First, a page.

Intel blames Europe for weak Q2

Intel last night announced that its revenues for the April-June second financial quarter were markedly down on the first quarter, confirming weak demand for PCs, particular in the consumer sector in Europe.Revenues were $6.

Intel last night announced that its revenues for the April-June second financial quarter were markedly down on the first quarter, confirming weak demand for PCs, particular in the consumer sector in Europe.

Revenues were $6.0 billion, up 29 per cent from last year's equivalent quarter but down 7.6 per cent on Q1. Profits were $1.6 billion, up 58 per cent year on year but down 17 per cent on Q1's £2.0 billion. Wall Street was unmoved and marked Intel shares up $2 yesterday; Intel had earlier issued a profits warning.

Dave Hazell, business development manager for northern Europe, said the shortfall was partly created by the high expectations set by Intel's first quarter.

"Q1 was a bumper quarter for the corporation and our best ever," Hazell said. "Seasonally, Q2 has been a weaker quarter but business demand in Europe remains very strong. The one area of weakness is in the consumer sector. The German economy has not been good and in France and the UK we've had elections."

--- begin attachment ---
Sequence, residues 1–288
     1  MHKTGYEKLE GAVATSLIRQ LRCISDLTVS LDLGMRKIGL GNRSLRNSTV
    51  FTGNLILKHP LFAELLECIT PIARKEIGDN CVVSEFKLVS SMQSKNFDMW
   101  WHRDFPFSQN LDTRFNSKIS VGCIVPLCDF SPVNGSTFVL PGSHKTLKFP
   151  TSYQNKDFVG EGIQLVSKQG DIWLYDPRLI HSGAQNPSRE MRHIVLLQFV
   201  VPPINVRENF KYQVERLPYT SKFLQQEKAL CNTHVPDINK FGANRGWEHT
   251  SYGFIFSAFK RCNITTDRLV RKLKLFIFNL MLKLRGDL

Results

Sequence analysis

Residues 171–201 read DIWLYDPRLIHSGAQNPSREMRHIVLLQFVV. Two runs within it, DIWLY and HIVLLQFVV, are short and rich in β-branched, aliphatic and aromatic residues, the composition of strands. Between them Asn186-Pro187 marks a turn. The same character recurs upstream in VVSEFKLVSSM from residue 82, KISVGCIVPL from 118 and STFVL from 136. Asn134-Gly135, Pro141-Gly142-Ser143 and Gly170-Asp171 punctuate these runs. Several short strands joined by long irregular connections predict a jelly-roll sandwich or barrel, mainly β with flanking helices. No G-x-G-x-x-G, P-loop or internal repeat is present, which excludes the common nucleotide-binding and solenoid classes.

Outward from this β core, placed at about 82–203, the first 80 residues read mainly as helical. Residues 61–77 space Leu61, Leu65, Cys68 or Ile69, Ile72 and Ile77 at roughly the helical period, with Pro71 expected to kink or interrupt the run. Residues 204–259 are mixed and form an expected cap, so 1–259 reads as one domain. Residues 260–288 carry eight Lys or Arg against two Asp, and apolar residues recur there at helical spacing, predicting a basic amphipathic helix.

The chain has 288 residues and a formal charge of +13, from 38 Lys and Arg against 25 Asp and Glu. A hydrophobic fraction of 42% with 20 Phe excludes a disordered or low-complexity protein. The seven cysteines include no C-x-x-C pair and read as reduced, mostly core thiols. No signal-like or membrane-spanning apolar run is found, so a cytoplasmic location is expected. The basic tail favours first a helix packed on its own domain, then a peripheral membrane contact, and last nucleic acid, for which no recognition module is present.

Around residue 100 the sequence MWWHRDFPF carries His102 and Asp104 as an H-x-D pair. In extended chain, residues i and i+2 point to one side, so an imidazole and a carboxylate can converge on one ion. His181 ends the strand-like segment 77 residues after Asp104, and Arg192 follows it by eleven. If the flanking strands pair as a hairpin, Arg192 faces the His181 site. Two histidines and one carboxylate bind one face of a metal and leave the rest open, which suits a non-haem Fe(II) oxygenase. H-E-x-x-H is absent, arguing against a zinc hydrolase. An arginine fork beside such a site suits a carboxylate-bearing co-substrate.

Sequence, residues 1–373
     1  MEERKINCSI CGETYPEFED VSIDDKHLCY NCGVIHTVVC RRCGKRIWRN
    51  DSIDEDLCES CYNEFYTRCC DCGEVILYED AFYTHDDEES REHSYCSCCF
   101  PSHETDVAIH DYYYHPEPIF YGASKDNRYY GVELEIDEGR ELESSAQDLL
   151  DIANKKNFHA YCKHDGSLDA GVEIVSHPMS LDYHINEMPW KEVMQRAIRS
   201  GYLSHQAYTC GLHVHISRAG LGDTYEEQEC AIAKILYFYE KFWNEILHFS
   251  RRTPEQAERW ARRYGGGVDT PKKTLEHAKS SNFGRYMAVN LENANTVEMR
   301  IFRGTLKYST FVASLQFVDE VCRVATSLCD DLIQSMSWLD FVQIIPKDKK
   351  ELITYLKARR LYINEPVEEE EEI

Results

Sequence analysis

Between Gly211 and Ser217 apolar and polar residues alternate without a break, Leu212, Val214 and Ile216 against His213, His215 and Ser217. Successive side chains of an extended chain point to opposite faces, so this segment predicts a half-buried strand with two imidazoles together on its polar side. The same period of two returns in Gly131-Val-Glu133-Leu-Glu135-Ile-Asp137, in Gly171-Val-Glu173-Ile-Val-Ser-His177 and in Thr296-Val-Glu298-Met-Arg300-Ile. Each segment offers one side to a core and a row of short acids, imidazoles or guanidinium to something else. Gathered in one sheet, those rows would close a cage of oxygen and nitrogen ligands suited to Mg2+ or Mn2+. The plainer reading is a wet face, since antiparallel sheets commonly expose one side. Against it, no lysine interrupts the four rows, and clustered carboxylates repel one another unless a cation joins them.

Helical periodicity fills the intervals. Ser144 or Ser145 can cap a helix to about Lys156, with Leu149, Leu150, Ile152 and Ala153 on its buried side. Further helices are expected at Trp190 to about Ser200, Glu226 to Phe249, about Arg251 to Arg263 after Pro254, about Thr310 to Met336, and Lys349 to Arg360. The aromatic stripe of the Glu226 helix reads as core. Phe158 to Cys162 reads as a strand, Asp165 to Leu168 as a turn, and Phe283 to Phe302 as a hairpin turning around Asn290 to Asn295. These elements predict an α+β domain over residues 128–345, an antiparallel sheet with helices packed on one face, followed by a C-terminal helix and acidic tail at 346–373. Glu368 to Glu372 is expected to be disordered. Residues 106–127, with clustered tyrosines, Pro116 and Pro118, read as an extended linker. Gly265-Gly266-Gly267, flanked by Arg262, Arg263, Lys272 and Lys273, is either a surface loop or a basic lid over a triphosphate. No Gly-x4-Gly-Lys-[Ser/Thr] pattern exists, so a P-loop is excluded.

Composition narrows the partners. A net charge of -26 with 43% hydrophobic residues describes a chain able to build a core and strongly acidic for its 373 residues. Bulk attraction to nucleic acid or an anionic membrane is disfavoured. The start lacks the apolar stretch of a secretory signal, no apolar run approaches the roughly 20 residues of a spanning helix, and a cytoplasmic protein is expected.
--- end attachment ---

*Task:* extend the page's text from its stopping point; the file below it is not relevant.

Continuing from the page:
Perhaps the most revealing statistic was that European revenues made up 24 per cent of revenues compared to 30 per cent a year ago. The chip giant also blamed inventories of vanilla Pentium chips as users moved quickly to adopt MMX processors. Unit shipments of processors, chipsets and motherboards were all down from the first quarter. Looking ahead, Intel expects a flat third quarter but is confident that it can return to very strong growth thereafter.

"Strong microprocessor shipments in the first quarter led to some inventory correction in the second quarter as the industry prepared for a rapid transition to processors with MMX technology," said Andrew Grove, Intel chairman and CEO.

Looking ahead, Hazell said Intel expects Pentium II to account for 20-25 per cent of all microprocessors sold in the second half of 1997, and to be Intel's dominant chip by mid-1998. "It won't quite be 100 per cent MMX by the end of the year because companies with long qualification cycles will still be buying some Pentium and Pentium Pro will still be going into some servers, but the rest will be MMX," Hazell said.

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